Q&A: Fairtrade prawns coming to market

UK consumers may soon buy the first fairtrade seafood as the Fairtrade Foundation kicks off the process for a new fairtrade category. SeafoodSource spoke with Kenneth Boyce, the foundation’s product and standards development manager, about the launch of the non-profit organisation’s first-ever fairtrade label for prawns. The foundation is the UK member of Fairtrade Labelling Organisations International (FLO), which gathers together 21 labeling initiatives across the world, as well as networks of producer organizations.

Partos: When can we expect the first fairtrade prawns?  

Boyce: The first fairtrade prawns could be on supermarket shelves as early as 2012. This is the first third party ethical certification that we are aware of. The public consultation process is expected in April, and we hope to have set the standard, with the first certified fish farm, by the end of 2011.

Why did you decide on prawn farms as the first seafood fairtrade label? 

We carried out a lot of scoping work, and all roads led back to shrimp. We’ve been looking at seafood over the years, and then started to study the area about two years ago. Research that we have collated is presented to the stakeholders groups who get involved in the dialogue. It’s very important to us that they are all on board. The feasibility study we initially carry out does look at how many people the potential certificate would touch and why we should allocate money to a new category.

How do you perceive the label? 

It's not an environmental or eco-certificate. The key word for the process is development: we want to help producers move forward, step by step, and aid them to achieve a fair price, that reflects the cost of production. We aim to help them gain a greater sense of the direction they wish to go. It's about helping to empower the producer. Certification would also potentially give them access to new markets.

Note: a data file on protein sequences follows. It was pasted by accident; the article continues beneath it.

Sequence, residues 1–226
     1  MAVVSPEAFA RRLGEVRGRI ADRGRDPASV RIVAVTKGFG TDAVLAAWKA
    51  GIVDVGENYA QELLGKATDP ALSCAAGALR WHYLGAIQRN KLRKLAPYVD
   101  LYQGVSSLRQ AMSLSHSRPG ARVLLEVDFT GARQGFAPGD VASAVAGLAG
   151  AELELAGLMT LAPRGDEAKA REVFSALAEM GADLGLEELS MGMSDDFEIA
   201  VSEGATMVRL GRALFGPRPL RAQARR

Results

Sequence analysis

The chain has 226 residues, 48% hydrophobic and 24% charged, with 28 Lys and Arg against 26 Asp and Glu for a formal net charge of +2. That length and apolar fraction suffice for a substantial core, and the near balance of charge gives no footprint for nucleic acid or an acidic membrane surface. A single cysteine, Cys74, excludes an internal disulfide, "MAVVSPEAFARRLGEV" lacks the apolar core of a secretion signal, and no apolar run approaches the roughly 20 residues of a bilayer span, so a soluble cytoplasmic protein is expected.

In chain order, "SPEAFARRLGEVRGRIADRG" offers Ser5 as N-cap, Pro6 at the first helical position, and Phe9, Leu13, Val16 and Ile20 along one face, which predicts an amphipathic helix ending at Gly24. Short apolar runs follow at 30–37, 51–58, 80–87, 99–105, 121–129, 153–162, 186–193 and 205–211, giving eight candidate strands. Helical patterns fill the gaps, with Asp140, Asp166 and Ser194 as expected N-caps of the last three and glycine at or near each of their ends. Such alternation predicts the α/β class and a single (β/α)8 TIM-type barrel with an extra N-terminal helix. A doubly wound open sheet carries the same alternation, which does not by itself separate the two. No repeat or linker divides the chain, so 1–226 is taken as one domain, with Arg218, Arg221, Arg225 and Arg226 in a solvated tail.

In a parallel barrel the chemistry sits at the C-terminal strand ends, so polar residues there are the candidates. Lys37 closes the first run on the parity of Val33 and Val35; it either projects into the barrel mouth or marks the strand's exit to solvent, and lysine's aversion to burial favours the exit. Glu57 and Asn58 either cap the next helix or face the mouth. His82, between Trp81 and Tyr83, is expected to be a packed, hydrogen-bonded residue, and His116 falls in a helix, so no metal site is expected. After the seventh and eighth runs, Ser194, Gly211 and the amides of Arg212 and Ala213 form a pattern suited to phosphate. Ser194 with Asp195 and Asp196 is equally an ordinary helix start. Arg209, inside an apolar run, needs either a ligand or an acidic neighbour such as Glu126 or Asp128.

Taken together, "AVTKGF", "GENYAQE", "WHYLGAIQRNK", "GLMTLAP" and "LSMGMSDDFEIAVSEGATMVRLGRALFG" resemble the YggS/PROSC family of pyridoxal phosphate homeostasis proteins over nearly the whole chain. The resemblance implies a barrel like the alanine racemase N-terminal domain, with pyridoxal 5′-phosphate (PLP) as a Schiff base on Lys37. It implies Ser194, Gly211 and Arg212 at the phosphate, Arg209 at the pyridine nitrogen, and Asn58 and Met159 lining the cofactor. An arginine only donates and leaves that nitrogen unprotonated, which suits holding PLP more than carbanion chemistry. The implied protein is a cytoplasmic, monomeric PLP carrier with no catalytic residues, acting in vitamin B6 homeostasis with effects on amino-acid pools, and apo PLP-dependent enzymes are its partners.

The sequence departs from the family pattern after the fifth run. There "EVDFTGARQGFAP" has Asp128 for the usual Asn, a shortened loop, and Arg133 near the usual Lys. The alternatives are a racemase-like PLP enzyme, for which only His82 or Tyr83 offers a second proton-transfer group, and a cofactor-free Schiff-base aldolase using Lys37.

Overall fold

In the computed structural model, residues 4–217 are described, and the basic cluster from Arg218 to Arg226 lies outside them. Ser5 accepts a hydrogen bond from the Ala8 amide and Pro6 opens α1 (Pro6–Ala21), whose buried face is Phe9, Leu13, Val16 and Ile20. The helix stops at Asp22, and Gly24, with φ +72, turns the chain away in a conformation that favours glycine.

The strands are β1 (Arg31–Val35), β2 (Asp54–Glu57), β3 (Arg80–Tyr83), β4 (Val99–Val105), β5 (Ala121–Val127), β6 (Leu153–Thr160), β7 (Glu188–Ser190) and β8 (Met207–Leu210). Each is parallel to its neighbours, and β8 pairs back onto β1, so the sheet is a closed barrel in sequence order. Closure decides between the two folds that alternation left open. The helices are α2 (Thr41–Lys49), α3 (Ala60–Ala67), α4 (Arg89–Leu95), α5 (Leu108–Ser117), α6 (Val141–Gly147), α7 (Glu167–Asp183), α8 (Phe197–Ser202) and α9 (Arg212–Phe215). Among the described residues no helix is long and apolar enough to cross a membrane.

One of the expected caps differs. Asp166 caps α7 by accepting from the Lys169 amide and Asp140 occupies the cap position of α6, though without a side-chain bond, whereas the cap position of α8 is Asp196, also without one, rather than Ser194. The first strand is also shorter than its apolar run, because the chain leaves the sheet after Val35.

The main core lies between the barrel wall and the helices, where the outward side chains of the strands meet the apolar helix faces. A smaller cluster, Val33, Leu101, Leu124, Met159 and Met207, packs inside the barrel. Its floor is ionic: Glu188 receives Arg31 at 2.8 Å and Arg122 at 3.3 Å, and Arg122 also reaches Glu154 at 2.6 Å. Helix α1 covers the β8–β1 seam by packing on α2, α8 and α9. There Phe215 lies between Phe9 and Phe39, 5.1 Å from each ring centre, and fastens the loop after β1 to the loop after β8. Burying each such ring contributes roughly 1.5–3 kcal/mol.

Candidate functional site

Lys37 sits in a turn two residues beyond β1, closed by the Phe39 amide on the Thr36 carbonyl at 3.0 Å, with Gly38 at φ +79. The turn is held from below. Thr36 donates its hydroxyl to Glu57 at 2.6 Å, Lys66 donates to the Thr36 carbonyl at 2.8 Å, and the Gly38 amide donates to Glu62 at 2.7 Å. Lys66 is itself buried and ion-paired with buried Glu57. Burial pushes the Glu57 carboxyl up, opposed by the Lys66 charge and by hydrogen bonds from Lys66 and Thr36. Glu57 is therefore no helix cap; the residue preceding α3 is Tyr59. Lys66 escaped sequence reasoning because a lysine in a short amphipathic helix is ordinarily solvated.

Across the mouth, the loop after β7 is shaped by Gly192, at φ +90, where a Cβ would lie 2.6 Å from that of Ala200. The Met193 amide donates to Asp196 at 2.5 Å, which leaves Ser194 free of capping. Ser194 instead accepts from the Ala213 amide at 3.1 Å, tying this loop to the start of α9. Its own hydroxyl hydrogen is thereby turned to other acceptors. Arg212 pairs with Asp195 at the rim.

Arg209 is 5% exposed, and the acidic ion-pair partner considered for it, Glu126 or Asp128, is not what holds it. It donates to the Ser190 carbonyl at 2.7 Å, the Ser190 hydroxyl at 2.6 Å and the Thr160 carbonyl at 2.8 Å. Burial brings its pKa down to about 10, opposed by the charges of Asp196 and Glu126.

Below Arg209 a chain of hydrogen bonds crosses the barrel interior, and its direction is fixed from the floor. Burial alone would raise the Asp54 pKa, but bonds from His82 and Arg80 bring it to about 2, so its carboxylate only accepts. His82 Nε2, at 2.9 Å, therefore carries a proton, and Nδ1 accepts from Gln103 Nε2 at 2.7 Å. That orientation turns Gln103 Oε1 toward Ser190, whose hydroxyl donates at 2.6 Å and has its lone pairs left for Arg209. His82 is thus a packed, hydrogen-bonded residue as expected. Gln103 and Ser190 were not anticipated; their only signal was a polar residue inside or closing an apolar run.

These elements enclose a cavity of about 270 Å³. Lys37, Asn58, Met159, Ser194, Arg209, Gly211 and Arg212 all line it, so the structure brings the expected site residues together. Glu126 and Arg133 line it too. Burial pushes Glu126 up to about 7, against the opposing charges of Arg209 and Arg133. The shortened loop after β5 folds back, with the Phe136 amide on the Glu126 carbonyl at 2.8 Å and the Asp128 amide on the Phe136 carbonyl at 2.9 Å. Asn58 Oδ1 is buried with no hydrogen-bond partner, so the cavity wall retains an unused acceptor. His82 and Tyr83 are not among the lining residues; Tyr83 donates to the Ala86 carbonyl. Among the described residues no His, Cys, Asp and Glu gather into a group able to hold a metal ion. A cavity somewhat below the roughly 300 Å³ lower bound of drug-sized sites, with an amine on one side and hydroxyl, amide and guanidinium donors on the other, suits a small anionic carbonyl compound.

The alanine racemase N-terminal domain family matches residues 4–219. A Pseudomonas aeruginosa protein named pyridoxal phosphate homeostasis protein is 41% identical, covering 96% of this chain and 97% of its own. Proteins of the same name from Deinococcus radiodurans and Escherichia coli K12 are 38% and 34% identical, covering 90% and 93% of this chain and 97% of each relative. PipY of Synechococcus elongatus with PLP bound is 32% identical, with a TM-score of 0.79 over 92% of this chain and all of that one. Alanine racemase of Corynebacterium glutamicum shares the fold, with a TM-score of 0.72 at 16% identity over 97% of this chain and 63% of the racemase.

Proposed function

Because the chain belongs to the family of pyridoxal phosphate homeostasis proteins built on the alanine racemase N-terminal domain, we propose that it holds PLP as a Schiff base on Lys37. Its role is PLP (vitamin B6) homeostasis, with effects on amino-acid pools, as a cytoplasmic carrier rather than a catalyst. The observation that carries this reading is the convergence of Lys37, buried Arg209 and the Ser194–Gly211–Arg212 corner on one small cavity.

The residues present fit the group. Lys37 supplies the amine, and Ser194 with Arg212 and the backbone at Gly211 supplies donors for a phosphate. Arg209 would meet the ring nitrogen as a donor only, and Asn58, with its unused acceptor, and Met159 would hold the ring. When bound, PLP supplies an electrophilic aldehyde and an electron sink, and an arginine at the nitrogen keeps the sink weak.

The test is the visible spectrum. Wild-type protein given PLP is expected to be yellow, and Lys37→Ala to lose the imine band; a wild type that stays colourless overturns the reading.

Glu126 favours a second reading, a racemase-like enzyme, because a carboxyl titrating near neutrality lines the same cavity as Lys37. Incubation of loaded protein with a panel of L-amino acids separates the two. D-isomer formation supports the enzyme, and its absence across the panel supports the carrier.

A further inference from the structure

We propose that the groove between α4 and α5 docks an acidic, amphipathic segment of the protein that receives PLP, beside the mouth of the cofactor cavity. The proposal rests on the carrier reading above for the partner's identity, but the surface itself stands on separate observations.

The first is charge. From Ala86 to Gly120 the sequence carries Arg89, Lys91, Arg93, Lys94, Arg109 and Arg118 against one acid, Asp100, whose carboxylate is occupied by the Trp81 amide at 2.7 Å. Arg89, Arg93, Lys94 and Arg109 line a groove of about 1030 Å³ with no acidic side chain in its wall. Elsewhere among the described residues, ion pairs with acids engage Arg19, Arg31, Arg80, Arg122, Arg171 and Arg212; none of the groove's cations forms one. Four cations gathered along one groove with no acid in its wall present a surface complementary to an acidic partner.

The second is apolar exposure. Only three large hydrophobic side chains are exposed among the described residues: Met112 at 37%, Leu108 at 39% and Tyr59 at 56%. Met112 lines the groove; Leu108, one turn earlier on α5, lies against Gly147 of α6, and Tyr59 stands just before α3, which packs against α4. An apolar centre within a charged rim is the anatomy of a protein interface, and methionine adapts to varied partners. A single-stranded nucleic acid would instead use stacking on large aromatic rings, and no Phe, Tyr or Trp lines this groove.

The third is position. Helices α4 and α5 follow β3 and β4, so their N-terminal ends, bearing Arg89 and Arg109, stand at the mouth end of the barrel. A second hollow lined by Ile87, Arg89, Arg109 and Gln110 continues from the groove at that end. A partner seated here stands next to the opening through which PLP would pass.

The majority of our work has been done in Asia, on the small-scale holder. Essentially, small scale is a farmer dependent on the activity for their income and fully employed in this activity. However, the actual definition would be defined in final certification measures. In terms of small-scale seafood farmers in Asia, the figures vary but there could be between 8 and 10 million. It’s hard to tell how many are shrimp.

What are the challenges in calibrating fairtrade into the seafood supply chain? 

Each supply chain has its own specific challenges, unique to the industry: Resource conflicts, for example, could be involved in shrimp activities. A fair price is core to the Fairtrade Foundation — I think when we look at price and costs for the shrimp producers it will be harder to define, given the whole range of production we may well ask is it actually feasible to set a fair price?

Our public consultation process (expected in April) lasts 60 days, and we really want feedback and to judge whether the measures we've outlined will adequately change the situation. Within our process there is the notion of progress criteria that gives producers the leeway to set up their own timeline. We aim to work with producers to implement Best Practice.  

How would the certificate function for potential fairtrade prawn producers? 

Producers would have to fulfill criteria articulated in the specific measures for the fairtrade prawn label. They would need to think carefully about the certificate, with a cost-benefit analysis.

Are you looking to extend the portfolio for fairtrade seafood? 

Yes, this is a vast industry and seafood is a very important commodity in the developing world. We ask ourselves what the producers have to market. We would be very interested in looking at tilapia, which would also involve Africa.

How do you see yourselves in the context of other seafood certification schemes? 

We are a not a rival to other schemes. The emphasis is development for the small producers where they clearly need a fairtrade mechanism. A dynamic standard that takes producers enables producers to actively map their own futures at their own pace.


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